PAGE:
Making a 20w+ led driver

Discussion in 'General Electronics Chat' started by peck68, Aug 10, 2010.

  1. peck68

    Thread Starter Member

    Nov 27, 2009
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    Right, my birthday coming up soon and i want to treat myself - so I want to get myself a pretty bright torch, since I am a torch fanatic. :)

    I can get a 1000 lumen LED torch (around £30) or a 4000 lumen LED for around the same price.

    So i was thinking to myself, how about make my own? :D

    Now the thing is, supplying 50 watts is one task to keep things cool to a minimum, and also supplying 25v @ 2.2A sustained is another.

    Since this is a torch, its going to need a few cells - 18650's are popular i hear over the web as supplies for these sort of things, since they have a large capacity. But that means i am going to need a DC to DC booster (10v ish to 25v) - I have never yet discovered these things yet so I need a few refs to teach me (if anybody has any guides it would be amazing :))

    Also, supplying/limiting the amperage with minimal heat build up etc. How do i go about that? I could simply use a resistor, but its going to be bloody huge to withstand supplying 50w... Any simpler solutions? (or complex.. as i should say)

    If its a too big of a task for me to learn and figure then i shall stick to the ol' prebuilt - but i think it would be a good learning experience for me to do :)

    Thanks
     
  2. mcgyvr

    AAC Fanatic!

    Oct 15, 2009
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    and by a "torch" you mean a "flashlight" right?
     
  3. marshallf3

    Well-Known Member

    Jul 26, 2010
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    Start out with a PWM LED driver IC setup, you may also find that an LED pulsed at a high frequency with a low duty cycle can be a lot brighter than just giving it direct drive.
     
  4. peck68

    Thread Starter Member

    Nov 27, 2009
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    Yeah sorry, english lingo lol :)

    ----

    Hmm sounds sensible, what about the boost converter though? And would it need huuge resistors?

    Edit: found this nifty website :) http://www.ladyada.net/library/diyboostcalc.html
     
    Last edited: Aug 11, 2010
  5. SgtWookie

    Expert

    Jul 17, 2007
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    Well, if the boost circuit is 90% efficient with a 10v supply, you'll need about 6.12A to operate the LED.

    (25v/10v)/0.9 = 2.778 ; 2.778 x 2.2A ~= 6.12A

    90% may be achievable, but it'll be tough. Somewhere in the vicinity of 80%-85% is more likely.
     
  6. marshallf3

    Well-Known Member

    Jul 26, 2010
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    Not if you utilize an LED driver IC designed just for this function and there are a ton of them.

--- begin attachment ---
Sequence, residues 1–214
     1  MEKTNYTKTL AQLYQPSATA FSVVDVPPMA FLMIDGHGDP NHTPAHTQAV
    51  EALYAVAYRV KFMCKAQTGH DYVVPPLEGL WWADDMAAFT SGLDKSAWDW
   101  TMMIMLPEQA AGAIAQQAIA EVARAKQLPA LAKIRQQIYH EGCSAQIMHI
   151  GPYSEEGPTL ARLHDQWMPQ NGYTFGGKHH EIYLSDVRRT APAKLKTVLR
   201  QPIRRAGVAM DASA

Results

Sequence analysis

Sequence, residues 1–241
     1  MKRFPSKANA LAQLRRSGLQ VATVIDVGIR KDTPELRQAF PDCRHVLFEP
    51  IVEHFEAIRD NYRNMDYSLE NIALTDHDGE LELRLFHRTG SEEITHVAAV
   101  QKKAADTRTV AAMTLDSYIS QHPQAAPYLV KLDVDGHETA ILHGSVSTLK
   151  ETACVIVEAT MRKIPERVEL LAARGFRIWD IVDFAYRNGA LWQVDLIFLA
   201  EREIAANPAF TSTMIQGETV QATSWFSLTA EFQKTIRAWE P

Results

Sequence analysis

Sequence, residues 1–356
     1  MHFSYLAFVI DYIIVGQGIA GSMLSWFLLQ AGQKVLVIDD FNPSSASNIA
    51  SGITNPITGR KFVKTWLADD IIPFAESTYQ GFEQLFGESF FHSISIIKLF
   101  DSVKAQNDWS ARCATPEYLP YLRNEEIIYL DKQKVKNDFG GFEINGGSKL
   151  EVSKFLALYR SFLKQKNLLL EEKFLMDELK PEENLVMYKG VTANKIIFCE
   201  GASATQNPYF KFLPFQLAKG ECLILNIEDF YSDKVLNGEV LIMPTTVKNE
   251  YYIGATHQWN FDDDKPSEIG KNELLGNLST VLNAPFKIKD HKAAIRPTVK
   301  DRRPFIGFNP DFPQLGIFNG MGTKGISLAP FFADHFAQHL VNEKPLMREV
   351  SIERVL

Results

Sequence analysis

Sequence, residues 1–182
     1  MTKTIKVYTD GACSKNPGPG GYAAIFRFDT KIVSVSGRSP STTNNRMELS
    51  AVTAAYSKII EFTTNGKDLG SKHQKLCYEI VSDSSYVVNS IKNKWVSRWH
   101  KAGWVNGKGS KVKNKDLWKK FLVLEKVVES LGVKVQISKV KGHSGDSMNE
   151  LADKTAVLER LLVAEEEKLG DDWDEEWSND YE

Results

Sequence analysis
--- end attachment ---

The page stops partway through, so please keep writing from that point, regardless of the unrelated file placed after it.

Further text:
I've got a device in use that sends an IR pulse to control something across the room. The IR LED is only rated for 100 mA continuous but will gladly deal with 2A pulses provided the duty cycle is less than 10%. Although only used on a semi-regular basis the little transmitter module just has 4 AA cells in it and they seem to last forever.

    I just didn't feel wireless that day. The transmitter is mounted on a forklift and the receiver is used to trigger a door opener. Even without optics it has no problem working over a 100' range.
     
  7. campeck

    Active Member

    Sep 5, 2009
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    please let me know how this turn out for you! I am currently fitting a 1W 300ma 70lm LED into a small "torch".

    What is the beam width on the LED that you are looking at? any plans to use optics to narrow the beam? This is something I haven't looked into yet but need to as my LED has a 120deg viewing angle.
     
  8. marshallf3

    Well-Known Member

    Jul 26, 2010
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  9. peck68

    Thread Starter Member

    Nov 27, 2009
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    http://cgi.ebay.co.uk/HIGH-POWER-50...LM-24-26V-/390224706604?pt=LH_DefaultDomain_0 -> this is the baby ;) (obviously not this precise one, there are loads others on ebay)

    The beam angle is 150°, so i am probably going to need a reflector or lens - it the only trouble of finding a reflector that is suitably large enough to fit the size of the led :p

    ---

    Marshallf3 you are amazing ;) but can this only go up to 1A no higher? Or is it "moddable" to use higher rated components?
    Thanks
     
  10. bertus

    Administrator

    Apr 5, 2008
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  11. marshallf3

    Well-Known Member

    Jul 26, 2010
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    It's a new part series I haven't bothered to look into yet. It was just meant to be used as an example but I'm sure as already noted above current specs will rise as demand dictates. Usually once you get to know the circuit it becomes easy to customize the ouput stage(s) to your needs which is the least they can ask after doing all the difficult control circuitry for you. :)
     
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